Okonjo-Iweala “Tired” Of Talking About Missing Chibok Girls

Dr Ngozi Okonjo-Iweala, Nigeria’s Minister of finance during the weekend told an American television reporter that she was tired of speaking about the over 234 abducted school girls from Government Girls Secondary School, Chibok, Borno State.

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Nigeria’s Minister Of Finance, Dr Ngozi Okonjo Iweala

“I’m tired of the same stories” she told the reporter in an unplanned interview at the World Economic Forum meeting in Abuja.

The minister, who said she was not competent to speak on the issue because she is not the government spokesman, realised her mistake and decided to give some explanations on government’s effort so far.

When asked about Amnesty International’s report which alleged that Nigerian military received advance warning before the kidnapping but failed to act, Okonjo-Iweala, said; “I cannot answer those questions. I am the minister of finance. I can only tell you about the full commitment of the government and the pledge of the international community as demonstrated by this conference”.

When the reporter asked her what the government was doing in bringing back the girls, the minister said “everything was being done.

“The government has sent out additional troops, the government is doing aerial surveillance, the government is working with companies that have satellite, the government is working with the U; is waiting for the promised help from all the sources that have pledged.

“The government, with the private sector, has supported the initiatives lunched here for Safe Schools for our children. So, the government is doing the maximum it can, it has opened the crises centre so that they can provide up-to-date information. Everything is being done, like I said terror will win when we divide” she said.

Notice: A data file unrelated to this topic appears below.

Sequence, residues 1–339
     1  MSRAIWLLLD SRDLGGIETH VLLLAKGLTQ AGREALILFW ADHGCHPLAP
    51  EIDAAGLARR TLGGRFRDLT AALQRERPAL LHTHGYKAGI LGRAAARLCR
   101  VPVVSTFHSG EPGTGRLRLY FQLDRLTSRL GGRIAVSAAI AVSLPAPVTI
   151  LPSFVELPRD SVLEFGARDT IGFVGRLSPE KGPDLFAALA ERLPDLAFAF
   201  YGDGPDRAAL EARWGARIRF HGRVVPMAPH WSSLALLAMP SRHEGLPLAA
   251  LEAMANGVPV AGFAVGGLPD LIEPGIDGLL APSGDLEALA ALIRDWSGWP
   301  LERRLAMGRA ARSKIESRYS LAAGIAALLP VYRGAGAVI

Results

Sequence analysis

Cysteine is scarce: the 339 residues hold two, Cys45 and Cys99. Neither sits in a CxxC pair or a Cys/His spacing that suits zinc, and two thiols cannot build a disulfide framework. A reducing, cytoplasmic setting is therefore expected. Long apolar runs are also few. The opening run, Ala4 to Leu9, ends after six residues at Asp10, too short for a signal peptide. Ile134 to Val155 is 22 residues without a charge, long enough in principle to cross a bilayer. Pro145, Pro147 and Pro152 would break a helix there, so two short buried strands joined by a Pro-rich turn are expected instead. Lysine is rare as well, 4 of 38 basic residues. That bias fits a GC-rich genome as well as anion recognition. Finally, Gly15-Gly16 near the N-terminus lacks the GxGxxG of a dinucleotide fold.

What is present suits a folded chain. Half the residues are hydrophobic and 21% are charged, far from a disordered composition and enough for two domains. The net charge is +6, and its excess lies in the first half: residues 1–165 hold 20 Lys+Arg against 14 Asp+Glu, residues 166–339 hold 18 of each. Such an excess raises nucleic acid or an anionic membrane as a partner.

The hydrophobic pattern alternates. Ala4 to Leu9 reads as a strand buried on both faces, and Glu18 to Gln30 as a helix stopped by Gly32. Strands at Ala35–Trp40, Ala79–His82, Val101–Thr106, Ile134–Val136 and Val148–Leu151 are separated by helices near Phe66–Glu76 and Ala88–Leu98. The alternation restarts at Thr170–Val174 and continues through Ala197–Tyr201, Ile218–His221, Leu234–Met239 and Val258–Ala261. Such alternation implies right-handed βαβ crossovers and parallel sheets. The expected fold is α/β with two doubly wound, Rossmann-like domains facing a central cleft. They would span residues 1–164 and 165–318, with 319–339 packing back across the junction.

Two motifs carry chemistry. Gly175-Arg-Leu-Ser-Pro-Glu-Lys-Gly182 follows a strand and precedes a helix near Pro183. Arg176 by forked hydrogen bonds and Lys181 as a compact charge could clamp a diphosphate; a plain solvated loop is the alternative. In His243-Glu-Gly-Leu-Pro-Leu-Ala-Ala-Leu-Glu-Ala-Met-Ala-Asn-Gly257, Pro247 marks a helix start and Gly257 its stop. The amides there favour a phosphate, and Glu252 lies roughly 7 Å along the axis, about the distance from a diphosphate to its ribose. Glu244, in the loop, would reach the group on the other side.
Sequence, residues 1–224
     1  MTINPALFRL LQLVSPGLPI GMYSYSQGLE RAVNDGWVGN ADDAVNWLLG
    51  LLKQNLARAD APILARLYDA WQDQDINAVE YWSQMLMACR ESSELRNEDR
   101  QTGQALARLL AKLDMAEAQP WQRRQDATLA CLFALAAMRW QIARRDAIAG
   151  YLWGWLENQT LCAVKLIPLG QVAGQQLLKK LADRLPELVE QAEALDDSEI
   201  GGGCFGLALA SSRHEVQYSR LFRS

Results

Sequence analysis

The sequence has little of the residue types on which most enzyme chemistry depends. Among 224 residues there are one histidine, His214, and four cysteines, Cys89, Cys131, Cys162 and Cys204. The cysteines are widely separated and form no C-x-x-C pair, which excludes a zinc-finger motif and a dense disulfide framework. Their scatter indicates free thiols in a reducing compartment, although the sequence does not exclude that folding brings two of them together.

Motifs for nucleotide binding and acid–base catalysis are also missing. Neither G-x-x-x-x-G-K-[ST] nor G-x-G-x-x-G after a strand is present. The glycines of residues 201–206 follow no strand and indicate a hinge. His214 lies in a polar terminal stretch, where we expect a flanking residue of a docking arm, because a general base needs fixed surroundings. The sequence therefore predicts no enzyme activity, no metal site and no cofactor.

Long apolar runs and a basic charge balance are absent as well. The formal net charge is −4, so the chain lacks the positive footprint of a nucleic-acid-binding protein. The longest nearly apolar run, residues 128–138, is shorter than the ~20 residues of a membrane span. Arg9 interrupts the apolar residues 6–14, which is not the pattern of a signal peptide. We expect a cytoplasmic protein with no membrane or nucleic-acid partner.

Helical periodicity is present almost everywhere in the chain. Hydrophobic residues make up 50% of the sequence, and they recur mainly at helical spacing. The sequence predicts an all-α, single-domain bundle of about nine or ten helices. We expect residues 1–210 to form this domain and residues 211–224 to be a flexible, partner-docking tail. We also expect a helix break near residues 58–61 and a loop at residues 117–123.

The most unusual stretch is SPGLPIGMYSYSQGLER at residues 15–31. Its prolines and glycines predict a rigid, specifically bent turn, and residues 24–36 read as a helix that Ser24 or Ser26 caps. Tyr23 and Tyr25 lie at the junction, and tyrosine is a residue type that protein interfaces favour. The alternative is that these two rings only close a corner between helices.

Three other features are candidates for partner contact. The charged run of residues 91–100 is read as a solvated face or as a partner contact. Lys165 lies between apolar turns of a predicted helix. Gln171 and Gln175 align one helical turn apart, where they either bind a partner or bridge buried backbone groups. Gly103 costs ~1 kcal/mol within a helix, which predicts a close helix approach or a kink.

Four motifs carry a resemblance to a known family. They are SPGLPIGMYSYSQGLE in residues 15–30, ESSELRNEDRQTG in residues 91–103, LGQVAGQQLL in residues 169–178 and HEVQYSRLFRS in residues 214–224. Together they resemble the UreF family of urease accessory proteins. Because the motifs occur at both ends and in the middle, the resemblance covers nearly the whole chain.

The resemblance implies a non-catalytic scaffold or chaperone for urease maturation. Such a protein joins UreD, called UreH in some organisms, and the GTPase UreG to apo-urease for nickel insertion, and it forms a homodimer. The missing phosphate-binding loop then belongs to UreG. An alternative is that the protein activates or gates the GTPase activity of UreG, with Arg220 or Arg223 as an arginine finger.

The minister said the objective of Boko Haram, the extremist group responsible for the abductions, was to stop the world community from coming to Nigeria.

“That’s why they did that; and the world community said, ‘No, we will come to support our girls.’ And they’ve come in solidarity. This is the largest ever world economic forum conference ever after Davos,” she added.

The minister then broke off from the interview as the ABC reporter pressed for specific details of the government’s engagement with Boko Haram, advising him instead to speak to Nigerian military authorities.

That explanation appeared of little help as hours later, ABC News published its story headlined, “Nigeria official says she’s tired of talking about the kidnapped girls”.

Apparently to pre-empt a backlash, the minister released a transcript of the interview on her Facebook page late Saturday; but the transcript excluded the initial exchange with the journalist.

The Nigerian government has come under intense scrutiny over its handling of the kidnapping after it took more than two weeks for President Goodluck Jonathan to respond to the raid.

A day after the incident, Mr. Jonathan was photographed singing and dancing at a political rally in Kano State, despite at least 75 people having been killed in a car bomb in Abuja on the same day the kidnapping occured.

Mr. Jonathan has said the abduction of the school girls is the “beginning of end” of Boko Haram.
http://www.youtube.com/watch?feature=player_embedded&v=z5zsQhJeq90

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